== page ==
Taking Technical Risks: How Innovators, Managers, and Investors Manage Risk in High-Tech Innovations

Taking Technical Risks: How Innovators, Managers, and Investors Manage Risk in High-Tech Innovations

by Lewis M. Branscomb, Philip E. Auerswald

Hardcover

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Overview

How do technology innovators, business executives, and venture capitalists manage the technical elements of business risk when developing and launching new products? Overcoming technical risks requires crossing the so-called valley of death--the gap between demonstrating the soundness of a technical concept in a controlled setting and readying the product technology for the market. Crossing the valley of death may mean bringing university-based research to the point where it appears viable to venture capitalists, or bridging the cultural gap between technical innovators and the managers who are being asked to risk their institutional resources. In every context, purely technical risks are coupled with the market risks inherent in innovation.

In this book Lewis Branscomb and Philip Auerswald address early-stage, high-tech innovation in the context of business decision making and innovation policy. The topics addressed include the extent to which purely technical risk is separable from market risk; how industrial managers make decisions on funding early-stage, high-risk technology projects; and under what circumstances government can and should act to reduce the technical risks of innovative projects so that firms will invest in them. The book includes contributions by Mary Good, George Hartmann, James McGroddy, Mike Myers, Michael Roberts, and F. M. Scherer.

Product Details

ISBN-13: 9780262024907
Publisher: MIT Press
Publication date: 02/19/2001
Pages: 220
Product dimensions: 6.00(w) x 9.00(h) x 0.50(d)

About the Author

Lewis M. Branscomb is Aetna Professor in Public Policy and Corporate Management, Emeritus, at Harvard University.

Philip Auerswald is Director of the Center for Science and Technology Policy and an Assistant Professor at the School of Public Policy at George Mason University. He is co-editor of Innovations: Technology | Governance | Globalization and author or co-author of numerous books, reports, and research papers, including Taking Technical Risk: How Innovators, Executives, and Investors Manage High-Tech Risks (MIT Press, 2001) and Seeds of Disaster, Roots of Response: How Private Action Can Reduce Public Vulnerability.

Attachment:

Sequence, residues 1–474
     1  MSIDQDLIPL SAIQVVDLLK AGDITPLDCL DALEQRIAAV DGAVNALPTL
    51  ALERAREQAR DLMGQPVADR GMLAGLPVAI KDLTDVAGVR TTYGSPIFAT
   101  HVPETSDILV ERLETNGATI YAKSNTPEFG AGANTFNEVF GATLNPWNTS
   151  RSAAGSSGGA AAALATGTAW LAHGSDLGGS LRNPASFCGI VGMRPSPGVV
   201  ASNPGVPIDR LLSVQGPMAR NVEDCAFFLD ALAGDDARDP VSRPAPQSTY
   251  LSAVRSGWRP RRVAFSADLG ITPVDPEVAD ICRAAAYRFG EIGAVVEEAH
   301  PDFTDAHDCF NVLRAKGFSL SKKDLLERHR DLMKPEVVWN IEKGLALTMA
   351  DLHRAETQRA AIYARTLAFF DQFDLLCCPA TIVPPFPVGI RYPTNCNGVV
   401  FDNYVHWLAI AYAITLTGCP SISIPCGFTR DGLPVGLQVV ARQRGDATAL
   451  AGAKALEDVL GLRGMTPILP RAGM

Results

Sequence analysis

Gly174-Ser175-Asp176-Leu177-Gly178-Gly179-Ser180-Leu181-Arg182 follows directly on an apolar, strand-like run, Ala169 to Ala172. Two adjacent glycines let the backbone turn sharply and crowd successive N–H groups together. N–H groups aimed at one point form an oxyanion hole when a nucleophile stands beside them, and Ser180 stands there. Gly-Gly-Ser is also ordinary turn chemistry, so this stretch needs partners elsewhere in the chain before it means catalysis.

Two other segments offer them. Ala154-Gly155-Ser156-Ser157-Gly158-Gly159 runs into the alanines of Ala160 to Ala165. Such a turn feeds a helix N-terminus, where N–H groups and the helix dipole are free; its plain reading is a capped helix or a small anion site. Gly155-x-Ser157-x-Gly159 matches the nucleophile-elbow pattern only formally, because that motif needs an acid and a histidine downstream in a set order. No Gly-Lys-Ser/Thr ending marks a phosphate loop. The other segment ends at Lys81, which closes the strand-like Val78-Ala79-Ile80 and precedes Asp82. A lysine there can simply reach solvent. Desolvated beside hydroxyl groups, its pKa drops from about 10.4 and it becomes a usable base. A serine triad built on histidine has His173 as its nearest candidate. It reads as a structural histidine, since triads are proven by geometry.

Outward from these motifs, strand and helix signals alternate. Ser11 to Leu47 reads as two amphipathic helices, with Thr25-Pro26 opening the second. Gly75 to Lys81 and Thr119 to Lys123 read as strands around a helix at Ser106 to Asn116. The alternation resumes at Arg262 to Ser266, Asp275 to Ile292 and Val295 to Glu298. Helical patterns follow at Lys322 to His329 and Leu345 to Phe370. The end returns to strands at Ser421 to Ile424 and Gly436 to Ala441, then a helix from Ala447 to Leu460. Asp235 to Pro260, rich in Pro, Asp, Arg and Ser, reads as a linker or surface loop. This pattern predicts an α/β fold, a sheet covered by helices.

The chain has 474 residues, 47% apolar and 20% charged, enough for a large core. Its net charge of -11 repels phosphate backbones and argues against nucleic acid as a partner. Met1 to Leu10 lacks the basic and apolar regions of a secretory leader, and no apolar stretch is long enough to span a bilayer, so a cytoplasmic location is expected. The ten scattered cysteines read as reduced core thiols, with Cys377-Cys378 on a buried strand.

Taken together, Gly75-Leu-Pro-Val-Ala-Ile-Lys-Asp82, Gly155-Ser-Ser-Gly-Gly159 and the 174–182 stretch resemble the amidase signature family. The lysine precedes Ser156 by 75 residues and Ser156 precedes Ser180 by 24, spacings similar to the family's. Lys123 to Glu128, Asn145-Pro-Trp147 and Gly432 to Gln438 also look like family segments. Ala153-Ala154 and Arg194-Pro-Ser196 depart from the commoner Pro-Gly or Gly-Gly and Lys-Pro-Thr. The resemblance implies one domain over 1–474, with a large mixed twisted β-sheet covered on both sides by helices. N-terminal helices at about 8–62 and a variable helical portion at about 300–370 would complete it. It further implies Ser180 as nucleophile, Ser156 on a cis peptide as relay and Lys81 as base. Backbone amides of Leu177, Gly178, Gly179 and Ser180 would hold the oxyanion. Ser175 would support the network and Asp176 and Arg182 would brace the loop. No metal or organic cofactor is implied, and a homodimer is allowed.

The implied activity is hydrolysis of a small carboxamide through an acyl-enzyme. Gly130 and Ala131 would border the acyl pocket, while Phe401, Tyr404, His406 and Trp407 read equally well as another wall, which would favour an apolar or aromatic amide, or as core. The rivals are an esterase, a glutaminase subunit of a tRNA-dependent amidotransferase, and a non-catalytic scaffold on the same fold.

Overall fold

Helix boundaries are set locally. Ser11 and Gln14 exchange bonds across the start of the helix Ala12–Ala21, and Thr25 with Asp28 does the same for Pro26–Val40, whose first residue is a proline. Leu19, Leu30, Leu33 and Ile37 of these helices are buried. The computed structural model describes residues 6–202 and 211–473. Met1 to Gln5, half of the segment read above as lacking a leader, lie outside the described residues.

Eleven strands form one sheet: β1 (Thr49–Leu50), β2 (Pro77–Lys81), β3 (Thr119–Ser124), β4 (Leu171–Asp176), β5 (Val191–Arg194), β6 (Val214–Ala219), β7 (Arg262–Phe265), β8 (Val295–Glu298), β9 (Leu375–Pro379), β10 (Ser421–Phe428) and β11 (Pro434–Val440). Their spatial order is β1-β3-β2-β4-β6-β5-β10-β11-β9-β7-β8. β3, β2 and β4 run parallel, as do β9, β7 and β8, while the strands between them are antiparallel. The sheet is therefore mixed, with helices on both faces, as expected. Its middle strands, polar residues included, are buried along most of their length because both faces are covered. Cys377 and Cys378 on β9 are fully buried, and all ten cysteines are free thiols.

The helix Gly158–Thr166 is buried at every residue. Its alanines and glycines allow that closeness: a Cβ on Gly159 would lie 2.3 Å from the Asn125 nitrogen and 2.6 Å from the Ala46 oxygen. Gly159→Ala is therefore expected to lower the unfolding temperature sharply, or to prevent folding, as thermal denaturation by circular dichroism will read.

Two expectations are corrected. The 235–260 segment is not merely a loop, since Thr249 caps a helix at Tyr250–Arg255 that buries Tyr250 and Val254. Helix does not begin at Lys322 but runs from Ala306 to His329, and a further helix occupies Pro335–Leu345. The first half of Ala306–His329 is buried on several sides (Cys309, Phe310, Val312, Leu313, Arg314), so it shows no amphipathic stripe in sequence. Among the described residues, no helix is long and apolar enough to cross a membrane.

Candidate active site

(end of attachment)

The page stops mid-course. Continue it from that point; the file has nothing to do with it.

What People are Saying About This

Charles M. Vest

There is plenty of insight, empirical evidence, and food for thought to make this highly worthwhile reading for policy makers, corporate leaders, and academicsians. They will learn that serious needs remain for further innovation in the nature of their own organizations.

Charles W. Wessner

This is a timely study on a key topic that is poorly understood, but central to understanding the U.S. innovation system. The book's analysis hihglights the need for concerted efforts to improve policy makers' appreciation of the innovation process and the government's contribution to it. It should be particularly useful to members of the new administration.

John Seely Brown

Taking Technical Risks breaks new ground in helping us understand the systematic issues in capitalizing on radical innovation. By focusing on the elusive boundary between invention and innovation the book reveals not only the technical but also the cultural and institutional barriers that must be surmounted. I highly recommend this insightful, authoritative, and encompassing book.

Endorsement

There is plenty of insight, empirical evidence, and food for thought to make this highly worthwhile reading for policy makers, corporate leaders, and academicsians. They will learn that serious needs remain for further innovation in the nature of their own organizations.

Charles M. Vest, President, MIT

From the Publisher

This is a timely study on a key topic that is poorly understood, but central to understanding the U. S. innovation system. The book's analysis hihglights the need for concerted efforts to improve policy makers' appreciation of the innovation process and the government's contribution to it. It should be particularly useful to members of the new administration.

Charles W. Wessner , Director of Project on Technology and Competitiveness, National Research Council; former Director, International Technology Policy, U. S. Department of Comerce

There is plenty of insight, empirical evidence, and food for thought to make this highly worthwhile reading for policy makers, corporate leaders, and academicsians. They will learn that serious needs remain for further innovation in the nature of their own organizations.

Charles M. Vest , President, MIT

Robert S. Langer

Taking Technical Risks provides a unique description of the many scientific and technical risks new companies face, the challenges that exist, and how they can be managed. The book is excellent reading for anyone interested in the process of bringing technology from the lab to the marketplace.

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